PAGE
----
US 20080039724 A1
An acoustic transducer, and in particular to an ultrasound transducer, provides high intensity focused ultrasound (“HIFU”) therapy to tissue and images the tissue.
1. An ultrasound transducer for providing HIFU therapy and imaging comprising:
a crystal having a generally concave first surface and a generally convex second surface, the second surface of the crystal being formed to include a recessed portion;
a matching layer coupled to the first surface of the crystal, the matching layer having a smooth outer surface;
a therapy electrode coupled to the second surface of the crystal adjacent the recessed portion; and
an imaging electrode located in the recessed portion formed in the second surface of the crystal.
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13. A method of improving an image detected by an ultrasound transducer which provides HIFU therapy and imaging, the method comprising the steps of:
providing a crystal having a generally concave first surface and a generally convex second surface;
applying a matching layer to the first surface of the crystal to optimize a therapy function of the transducer, the matching layer having a smooth outer surface;
forming a recessed portion in the second surface of the crystal;
positioning a therapy electrode on the second surface of the crystal adjacent the recessed portion; and
positioning an imaging electrode within the recessed portion of the second surface of the crystal.
14. The method of
receiving an indication of an acoustic power of the ultrasound transducer across a range of acoustic frequencies including a desired therapy frequency; and
altering a thickness of the matching layer until a maximum of the acoustic power of the ultrasound transducer across the range of acoustic frequencies corresponds to the desired therapy frequency.
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(a) lapping a face of the matching layer to reduce the thickness of the matching layer;
(b) receiving an updated indication of the acoustic power of the ultrasound transducer across the range of acoustic frequencies; and
(c) repeating steps (a) and (b) until the maximum of the acoustic power of the ultrasound transducer corresponds to the desired therapy frequency.
17. A method of operating an ultrasound transducer to provide HIFU therapy and imaging, the method comprising the steps of:
providing a single crystal having a first surface and a second surface;
oscillating the single crystal at a first frequency for a therapy function of the transducer; and
oscillating the single crystal at a second frequency for an imaging function of the transducer, the second frequency being higher than the first frequency.
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The present invention relates to an acoustic transducer, and in particular to an ultrasound transducer used to provide high intensity focused ultrasound (“HIFU”) therapy to tissue and to image tissue.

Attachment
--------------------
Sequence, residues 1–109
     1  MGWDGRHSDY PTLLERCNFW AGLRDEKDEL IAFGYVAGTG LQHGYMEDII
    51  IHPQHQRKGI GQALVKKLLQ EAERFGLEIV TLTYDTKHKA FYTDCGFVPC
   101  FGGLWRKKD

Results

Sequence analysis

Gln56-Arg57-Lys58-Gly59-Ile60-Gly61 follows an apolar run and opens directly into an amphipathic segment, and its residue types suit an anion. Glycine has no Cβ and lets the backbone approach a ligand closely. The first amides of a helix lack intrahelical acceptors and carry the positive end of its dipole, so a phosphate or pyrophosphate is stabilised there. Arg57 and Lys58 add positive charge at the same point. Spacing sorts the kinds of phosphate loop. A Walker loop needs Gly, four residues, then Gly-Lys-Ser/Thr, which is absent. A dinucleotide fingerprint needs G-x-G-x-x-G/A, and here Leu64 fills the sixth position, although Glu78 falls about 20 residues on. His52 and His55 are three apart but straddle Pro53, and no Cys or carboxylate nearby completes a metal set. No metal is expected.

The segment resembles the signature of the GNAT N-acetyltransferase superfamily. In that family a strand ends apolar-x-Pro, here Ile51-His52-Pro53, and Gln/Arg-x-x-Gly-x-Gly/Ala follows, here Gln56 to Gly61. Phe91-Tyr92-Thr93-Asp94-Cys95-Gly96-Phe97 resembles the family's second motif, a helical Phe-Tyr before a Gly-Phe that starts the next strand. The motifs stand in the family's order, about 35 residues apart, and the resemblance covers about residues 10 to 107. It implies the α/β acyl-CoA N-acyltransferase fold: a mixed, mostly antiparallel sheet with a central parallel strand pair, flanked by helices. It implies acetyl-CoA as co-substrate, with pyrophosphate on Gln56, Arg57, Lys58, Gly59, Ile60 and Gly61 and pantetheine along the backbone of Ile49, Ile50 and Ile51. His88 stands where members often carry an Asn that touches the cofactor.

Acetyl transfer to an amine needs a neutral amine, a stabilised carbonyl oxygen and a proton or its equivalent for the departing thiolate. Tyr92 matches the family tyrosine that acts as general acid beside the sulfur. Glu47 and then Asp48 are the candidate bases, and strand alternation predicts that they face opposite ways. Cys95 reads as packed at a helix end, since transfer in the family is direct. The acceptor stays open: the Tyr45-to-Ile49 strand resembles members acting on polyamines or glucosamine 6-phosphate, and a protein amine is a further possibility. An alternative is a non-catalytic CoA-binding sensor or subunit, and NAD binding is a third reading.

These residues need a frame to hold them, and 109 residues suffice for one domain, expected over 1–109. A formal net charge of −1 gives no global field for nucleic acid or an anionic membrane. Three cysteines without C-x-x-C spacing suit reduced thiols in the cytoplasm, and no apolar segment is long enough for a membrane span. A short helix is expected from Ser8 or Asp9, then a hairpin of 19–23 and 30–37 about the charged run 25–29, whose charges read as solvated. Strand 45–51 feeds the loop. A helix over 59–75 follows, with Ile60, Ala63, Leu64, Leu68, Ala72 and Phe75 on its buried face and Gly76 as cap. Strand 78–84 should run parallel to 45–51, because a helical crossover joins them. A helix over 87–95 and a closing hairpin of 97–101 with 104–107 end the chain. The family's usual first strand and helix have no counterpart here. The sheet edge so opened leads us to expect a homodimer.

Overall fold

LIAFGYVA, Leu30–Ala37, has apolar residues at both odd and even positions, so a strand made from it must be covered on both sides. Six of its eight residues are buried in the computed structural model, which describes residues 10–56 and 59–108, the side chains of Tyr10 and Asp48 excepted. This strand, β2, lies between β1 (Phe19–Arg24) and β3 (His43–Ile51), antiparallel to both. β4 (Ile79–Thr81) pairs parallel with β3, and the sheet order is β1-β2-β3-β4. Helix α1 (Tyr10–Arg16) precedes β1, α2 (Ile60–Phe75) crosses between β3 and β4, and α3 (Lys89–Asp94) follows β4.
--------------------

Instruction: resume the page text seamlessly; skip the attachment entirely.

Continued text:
The treatment of tissue with HIFU energy is known in the art. Further, it is known to image the tissue being treated with an ultrasound transducer. In addition, it is known to use a single crystal, two-element transducer to both image the tissue and to provide the actual treatment of the tissue with HIFU.
An exemplary system for treating tissue with HIFU is the Sonablate®-500 system available from Focus Surgery located at 3940 Pendleton Way, Indianapolis, Ind. 46226. The Sonablate 500 system uses a dual-element, confocal ultrasound transducer which is moved by mechanical methods, such as motors, under the control of a controller. Typically one element of the transducer, the central element or electrode, is used for imaging and either the outer element only or both elements (the central and outer elements or electrodes) of the transducer are used for providing HIFU therapy to the tissue to be treated.
Ultrasound transducers typically include a transducer member, such as a piezo-electric crystal, which generates and/or detects acoustic energy. Both the transducer member and the surrounding environment have an associated acoustic impedance. Assuming that the acoustic impedance of transducer member is generally the same as the acoustic impedance of the surrounding environment, acoustic energy flows from the transducer member to the surrounding environment generally in its most efficient way. However, there is often a difference between the acoustic impedance of the transducer member and the acoustic impedance of the surrounding environment. This mismatch results in less acoustic energy being transferred from the transducer member to the surrounding environment. The reduction in transfer of acoustic energy results in the generation of heat associated with the transducer member which may lead to damage to transducer member or to the surrounding environment. Further, the reduction in transfer of acoustic energy results in a higher level of electric energy required to provide sufficient acoustic energy at a treatment site in the surrounding environment.
It is known to apply an acoustical matching layer to a front surface of the transducer member to reduce the acoustic impedance mismatch between transducer member and the surrounding environment. By reducing the acoustic impedance mismatch, less energy is required to provide therapy and less heat is generated at the transducer. Generally, the acoustical matching layer has an acoustic impedance value between the acoustic impedance of transducer member and the acoustic impedance of the surrounding environment.
The thickness of the matching layer is one factor in the performance of the transducer Two known methods are used in the manufacture of transducers to make sure an appropriate thickness matching layer is applied. These methods include the use of thickness gauges to measure the thickness of the matching layer at various positions of the transducer surface and the monitoring of the shape of an echo pulse received based on acoustic pulse emitted by the transducer.